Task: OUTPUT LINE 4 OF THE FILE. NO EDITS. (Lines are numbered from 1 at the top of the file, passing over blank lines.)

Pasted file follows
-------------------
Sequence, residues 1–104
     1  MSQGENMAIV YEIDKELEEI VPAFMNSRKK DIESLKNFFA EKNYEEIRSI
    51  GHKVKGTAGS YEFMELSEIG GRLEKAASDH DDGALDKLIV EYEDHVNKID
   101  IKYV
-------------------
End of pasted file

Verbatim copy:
   101  IKYV